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Let $D\subset\mathbb{Z}\times\mathbb{Z}$ such that $D$ is formed by the points bounded by a convex polytope. Let $f:D\to\mathbb{R}$ defined by $f(x,y)=ax+by+c$, where $a,b,c\in\mathbb{R}$ and $g:D\to\mathbb{N}$.

Conjecture: We can always find a subset $\tilde{D}\subset D$, such that $\tilde{D}$ is a subset of some unit square (or maybe some other small set?) and a function $\tilde{g}:\tilde{D}\to\mathbb{N}$ such that $$\sum_{(x_i,y_i)\in D}g(x_i,y_i)f(x_i,y_i)=\sum_{(x_i,y_i)\in \tilde{D}}\tilde{g}(x_i,y_i)f(x_i,y_i)$$

Is this true considering $D\subset\mathbb{Z}^n$ and $\tilde{D}$ a subset of some unit hypercube?

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If a,b, and c are linearly independent over the rationals, then you can translate this problem by replacing the term involving f by a 3-tuple of integers and ask if you can find a basis "inside" D that will express any nonnegative sum of elements "from" D as a positive or nonnegative combination of elements of the basis.

My guess is no. I have not worked out the details but something like the following should work. Imagine D as lying almst entirely in the positive xy quadrant, with two exceptions where one value of x is negative and y is positive, and the other with x positive and y negative, and they are far apart. Further assume g is 0 at all points except at the two extremes. Then the left hand sum could potentially have two negative components (corresponding to a and b of the tuples) while the right hand side could only manage 1 negative component because D' has to be chosen to be next to one or the other extreme points. Something similar should work for higher dimensions.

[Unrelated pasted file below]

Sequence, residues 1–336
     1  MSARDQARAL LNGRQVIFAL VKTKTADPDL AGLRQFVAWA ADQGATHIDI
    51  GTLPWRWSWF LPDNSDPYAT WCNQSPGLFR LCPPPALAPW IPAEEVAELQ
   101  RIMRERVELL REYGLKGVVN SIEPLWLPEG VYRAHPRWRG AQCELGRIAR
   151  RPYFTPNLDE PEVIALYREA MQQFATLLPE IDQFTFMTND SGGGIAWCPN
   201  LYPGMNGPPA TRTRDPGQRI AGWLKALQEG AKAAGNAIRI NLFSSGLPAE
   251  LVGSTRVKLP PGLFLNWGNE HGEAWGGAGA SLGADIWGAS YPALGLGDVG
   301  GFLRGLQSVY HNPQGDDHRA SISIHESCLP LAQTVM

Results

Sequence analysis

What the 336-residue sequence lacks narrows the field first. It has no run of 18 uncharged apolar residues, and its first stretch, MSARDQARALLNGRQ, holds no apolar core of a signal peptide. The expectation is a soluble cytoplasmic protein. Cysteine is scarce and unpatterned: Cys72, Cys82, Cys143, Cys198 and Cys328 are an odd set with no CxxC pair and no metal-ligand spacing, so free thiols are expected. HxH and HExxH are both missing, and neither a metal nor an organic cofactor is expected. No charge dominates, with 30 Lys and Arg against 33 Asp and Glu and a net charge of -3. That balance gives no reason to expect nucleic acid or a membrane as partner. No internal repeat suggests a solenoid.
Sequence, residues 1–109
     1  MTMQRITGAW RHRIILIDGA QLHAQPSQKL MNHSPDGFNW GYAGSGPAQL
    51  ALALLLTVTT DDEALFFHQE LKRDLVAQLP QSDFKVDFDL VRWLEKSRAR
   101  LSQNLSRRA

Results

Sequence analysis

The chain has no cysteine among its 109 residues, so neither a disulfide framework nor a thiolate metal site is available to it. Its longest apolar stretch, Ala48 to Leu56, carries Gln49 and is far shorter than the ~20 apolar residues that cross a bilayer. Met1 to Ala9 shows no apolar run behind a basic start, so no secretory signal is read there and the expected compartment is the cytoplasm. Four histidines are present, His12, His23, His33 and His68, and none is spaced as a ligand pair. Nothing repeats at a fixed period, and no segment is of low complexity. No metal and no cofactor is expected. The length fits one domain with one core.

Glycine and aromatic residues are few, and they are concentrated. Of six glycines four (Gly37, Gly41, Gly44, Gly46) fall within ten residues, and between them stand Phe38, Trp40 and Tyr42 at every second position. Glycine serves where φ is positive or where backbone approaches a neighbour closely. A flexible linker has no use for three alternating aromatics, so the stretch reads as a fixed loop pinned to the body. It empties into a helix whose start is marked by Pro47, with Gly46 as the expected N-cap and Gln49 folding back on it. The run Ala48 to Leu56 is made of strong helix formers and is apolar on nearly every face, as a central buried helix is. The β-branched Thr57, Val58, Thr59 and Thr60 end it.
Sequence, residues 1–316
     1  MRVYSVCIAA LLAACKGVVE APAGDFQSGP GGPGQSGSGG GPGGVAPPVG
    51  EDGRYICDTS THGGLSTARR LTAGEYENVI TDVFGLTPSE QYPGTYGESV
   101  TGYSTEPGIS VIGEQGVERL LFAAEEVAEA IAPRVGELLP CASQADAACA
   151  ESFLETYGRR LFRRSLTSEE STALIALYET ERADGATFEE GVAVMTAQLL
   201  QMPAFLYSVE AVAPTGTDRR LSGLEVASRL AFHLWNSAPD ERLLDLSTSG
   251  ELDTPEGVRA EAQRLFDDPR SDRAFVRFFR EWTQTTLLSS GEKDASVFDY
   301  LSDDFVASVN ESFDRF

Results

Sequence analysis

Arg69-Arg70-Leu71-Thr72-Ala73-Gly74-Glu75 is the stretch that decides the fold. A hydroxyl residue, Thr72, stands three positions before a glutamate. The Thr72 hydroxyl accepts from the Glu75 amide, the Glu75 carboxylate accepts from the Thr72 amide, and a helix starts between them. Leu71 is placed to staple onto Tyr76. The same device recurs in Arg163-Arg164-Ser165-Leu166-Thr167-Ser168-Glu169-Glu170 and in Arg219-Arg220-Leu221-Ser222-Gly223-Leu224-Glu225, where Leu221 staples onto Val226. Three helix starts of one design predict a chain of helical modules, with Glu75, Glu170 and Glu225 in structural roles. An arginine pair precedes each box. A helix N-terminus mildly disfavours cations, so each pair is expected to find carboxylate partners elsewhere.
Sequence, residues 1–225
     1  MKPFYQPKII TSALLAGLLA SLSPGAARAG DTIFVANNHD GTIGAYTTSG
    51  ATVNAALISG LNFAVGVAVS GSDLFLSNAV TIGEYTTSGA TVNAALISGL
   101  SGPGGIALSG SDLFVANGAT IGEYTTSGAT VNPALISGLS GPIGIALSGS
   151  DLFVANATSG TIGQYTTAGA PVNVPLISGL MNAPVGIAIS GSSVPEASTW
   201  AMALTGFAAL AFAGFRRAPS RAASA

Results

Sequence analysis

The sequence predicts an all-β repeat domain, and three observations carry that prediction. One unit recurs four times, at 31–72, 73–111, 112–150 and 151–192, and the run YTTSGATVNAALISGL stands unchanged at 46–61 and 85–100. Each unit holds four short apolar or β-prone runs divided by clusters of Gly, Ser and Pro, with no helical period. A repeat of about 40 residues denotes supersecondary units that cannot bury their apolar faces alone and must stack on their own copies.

Gerhard "Ask Me About System Design" Paseman, 2011.08.12

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I think D containing the points $(-6,1), (2,0), (5, -2)$ may be an illustrative example, as adding the two extreme points gives $c+c-a-b$, while $D'$ can contain at most one of the points of D. Gerhard "Ask Me About System Design" Paseman, 2011.08.12 –  Gerhard Paseman Aug 12 '11 at 20:28
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